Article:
Financial aid and scholarships:
Scholarships are awarded by universities and colleges, but may also be available from foundations, religious organizations, community organizations and civic groups. Look into these options after exploring government-based and college-based aid. College financial aid officers, high school guidance offices or your public library are the best sources for information about aid of this type. Also, check with your parents' employers to see if they award scholarships or have a tuition payment plan.
Criteria for receiving scholarships – oftentimes based on academic, athletic, artistic or other abilities – vary by institution. Check with universities or colleges to which you are applying for their application process and deadlines. Athletic scholarships often have strict policies associated with them, and tryouts or portfolios may be required as part of an application for any artistic scholarships.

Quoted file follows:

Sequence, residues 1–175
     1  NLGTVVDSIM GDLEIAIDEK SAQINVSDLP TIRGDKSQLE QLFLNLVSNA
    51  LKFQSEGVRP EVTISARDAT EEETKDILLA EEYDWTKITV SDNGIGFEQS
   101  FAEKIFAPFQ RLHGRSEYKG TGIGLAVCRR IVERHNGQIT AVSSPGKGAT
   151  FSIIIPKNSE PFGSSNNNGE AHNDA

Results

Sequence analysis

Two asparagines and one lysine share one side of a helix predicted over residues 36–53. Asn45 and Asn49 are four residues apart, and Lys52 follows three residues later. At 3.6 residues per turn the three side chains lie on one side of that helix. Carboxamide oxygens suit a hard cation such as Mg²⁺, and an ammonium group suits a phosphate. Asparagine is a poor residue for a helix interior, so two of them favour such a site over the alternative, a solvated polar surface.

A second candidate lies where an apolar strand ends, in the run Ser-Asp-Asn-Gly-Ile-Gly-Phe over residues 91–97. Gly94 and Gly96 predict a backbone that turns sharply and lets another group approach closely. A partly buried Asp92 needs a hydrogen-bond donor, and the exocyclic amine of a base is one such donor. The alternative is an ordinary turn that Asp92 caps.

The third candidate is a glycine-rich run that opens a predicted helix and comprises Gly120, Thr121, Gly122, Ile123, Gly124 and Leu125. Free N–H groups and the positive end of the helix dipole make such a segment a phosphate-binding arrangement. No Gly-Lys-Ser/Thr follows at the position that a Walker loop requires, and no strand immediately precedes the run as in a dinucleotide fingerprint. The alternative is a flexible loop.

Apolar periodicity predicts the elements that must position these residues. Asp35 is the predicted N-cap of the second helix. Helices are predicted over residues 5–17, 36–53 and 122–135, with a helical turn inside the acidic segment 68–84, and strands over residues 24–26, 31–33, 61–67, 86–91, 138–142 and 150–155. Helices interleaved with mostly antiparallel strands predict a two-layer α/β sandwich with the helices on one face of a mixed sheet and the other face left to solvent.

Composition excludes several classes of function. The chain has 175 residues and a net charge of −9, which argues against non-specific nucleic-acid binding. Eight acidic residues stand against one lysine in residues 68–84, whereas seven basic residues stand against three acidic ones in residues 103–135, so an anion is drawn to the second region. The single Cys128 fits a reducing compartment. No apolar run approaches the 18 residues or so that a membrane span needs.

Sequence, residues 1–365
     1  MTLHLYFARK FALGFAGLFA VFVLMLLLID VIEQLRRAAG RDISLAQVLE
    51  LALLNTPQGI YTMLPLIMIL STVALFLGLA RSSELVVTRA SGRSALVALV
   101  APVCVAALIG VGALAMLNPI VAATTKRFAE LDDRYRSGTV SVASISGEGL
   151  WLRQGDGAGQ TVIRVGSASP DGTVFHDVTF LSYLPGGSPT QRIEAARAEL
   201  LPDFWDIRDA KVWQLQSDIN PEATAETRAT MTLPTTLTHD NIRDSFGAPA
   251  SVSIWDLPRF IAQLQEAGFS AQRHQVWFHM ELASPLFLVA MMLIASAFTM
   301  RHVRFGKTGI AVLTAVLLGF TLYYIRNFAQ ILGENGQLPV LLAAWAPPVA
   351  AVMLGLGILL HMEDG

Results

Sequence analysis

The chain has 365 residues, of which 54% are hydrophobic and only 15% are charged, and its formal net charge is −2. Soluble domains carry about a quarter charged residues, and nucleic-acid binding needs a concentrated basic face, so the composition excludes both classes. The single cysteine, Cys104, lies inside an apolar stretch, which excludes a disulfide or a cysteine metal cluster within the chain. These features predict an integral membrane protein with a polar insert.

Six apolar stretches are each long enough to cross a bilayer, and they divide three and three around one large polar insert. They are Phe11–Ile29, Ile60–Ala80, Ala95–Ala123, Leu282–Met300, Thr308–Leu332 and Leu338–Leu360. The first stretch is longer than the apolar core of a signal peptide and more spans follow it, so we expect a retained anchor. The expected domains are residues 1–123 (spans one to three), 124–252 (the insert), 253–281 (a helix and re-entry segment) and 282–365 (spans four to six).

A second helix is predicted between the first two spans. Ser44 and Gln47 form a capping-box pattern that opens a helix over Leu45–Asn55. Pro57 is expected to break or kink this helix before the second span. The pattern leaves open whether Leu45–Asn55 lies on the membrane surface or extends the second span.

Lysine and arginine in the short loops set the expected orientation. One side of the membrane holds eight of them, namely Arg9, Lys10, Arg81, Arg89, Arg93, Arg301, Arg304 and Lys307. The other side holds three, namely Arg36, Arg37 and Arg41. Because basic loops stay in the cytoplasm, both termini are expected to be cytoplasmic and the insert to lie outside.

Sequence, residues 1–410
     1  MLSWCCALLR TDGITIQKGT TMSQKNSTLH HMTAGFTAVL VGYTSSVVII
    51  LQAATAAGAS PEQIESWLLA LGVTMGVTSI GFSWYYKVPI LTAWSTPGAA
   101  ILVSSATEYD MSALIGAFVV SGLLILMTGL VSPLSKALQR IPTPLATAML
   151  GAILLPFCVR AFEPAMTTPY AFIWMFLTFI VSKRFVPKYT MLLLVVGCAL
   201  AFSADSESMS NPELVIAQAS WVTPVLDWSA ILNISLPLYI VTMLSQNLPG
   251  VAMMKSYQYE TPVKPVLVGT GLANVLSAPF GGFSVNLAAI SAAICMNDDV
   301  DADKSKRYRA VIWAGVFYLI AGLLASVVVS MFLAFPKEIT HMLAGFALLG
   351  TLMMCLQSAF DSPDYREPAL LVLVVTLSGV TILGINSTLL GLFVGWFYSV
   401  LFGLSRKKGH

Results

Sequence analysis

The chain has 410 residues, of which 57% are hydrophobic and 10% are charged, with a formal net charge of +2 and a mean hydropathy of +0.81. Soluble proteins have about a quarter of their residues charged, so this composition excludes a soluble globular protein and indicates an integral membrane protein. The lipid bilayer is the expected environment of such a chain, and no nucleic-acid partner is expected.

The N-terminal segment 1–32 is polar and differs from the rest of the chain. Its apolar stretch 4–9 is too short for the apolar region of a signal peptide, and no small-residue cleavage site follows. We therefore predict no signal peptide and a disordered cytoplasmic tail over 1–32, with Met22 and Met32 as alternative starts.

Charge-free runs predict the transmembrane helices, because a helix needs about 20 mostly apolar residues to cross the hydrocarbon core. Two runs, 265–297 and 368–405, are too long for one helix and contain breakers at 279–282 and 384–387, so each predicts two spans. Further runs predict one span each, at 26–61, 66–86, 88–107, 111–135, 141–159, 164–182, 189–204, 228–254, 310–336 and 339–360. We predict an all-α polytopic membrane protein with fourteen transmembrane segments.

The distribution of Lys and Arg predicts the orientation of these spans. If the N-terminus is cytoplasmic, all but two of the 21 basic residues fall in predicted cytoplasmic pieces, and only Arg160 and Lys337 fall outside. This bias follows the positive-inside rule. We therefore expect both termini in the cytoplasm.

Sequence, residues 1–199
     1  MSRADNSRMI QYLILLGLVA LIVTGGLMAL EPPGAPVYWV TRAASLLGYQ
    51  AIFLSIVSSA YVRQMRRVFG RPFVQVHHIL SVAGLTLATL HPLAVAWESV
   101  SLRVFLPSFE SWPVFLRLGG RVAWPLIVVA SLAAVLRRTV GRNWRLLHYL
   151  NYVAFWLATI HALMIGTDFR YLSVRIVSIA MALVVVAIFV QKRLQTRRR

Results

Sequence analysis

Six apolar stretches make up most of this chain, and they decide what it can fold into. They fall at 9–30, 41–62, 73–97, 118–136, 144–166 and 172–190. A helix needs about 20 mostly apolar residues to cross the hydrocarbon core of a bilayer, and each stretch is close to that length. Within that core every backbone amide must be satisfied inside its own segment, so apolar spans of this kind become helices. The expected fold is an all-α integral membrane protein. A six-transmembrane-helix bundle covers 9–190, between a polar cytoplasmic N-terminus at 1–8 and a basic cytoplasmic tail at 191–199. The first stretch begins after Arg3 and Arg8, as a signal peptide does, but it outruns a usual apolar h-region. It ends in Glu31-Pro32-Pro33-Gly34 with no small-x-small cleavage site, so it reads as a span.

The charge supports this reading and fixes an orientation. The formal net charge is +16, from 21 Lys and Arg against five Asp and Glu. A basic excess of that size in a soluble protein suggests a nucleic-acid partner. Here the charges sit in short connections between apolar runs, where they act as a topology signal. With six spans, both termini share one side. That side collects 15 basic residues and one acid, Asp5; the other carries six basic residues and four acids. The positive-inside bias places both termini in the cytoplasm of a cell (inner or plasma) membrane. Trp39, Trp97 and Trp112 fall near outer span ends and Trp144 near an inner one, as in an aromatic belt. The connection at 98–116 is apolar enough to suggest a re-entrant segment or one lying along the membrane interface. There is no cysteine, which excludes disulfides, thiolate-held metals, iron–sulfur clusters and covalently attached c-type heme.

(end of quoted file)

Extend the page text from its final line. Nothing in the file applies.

Scholarships through National CCAA member institutions
Many of the National CCAA member institutions offer scholarships for incoming and continuing students attending their institutions. Visit their websites to learn more about scholarship opportunities through individual colleges and universities.
A note about scholarship search services
Do not pay for a service that will help you find free money for college. Your high school may provide a free scholarship search service, and there are plenty of free services available on the Internet. These services usually provide a list of sources of private and other financial aid; contact these organizations to request their applications.